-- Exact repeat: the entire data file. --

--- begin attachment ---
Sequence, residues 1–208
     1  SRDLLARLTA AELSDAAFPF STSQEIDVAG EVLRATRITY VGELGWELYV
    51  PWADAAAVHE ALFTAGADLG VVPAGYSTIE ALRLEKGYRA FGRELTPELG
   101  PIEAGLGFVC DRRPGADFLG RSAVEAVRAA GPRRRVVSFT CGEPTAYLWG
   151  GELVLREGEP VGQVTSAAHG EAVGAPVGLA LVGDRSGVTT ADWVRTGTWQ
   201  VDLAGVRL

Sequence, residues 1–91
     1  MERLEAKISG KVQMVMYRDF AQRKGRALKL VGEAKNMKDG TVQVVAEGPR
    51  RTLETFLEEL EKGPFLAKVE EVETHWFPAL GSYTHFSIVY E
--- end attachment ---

Sequence, residues 1–208
     1  SRDLLARLTA AELSDAAFPF STSQEIDVAG EVLRATRITY VGELGWELYV
    51  PWADAAAVHE ALFTAGADLG VVPAGYSTIE ALRLEKGYRA FGRELTPELG
   101  PIEAGLGFVC DRRPGADFLG RSAVEAVRAA GPRRRVVSFT CGEPTAYLWG
   151  GELVLREGEP VGQVTSAAHG EAVGAPVGLA LVGDRSGVTT ADWVRTGTWQ
   201  VDLAGVRL

Sequence, residues 1–91
     1  MERLEAKISG KVQMVMYRDF AQRKGRALKL VGEAKNMKDG TVQVVAEGPR
    51  RTLETFLEEL EKGPFLAKVE EVETHWFPAL GSYTHFSIVY E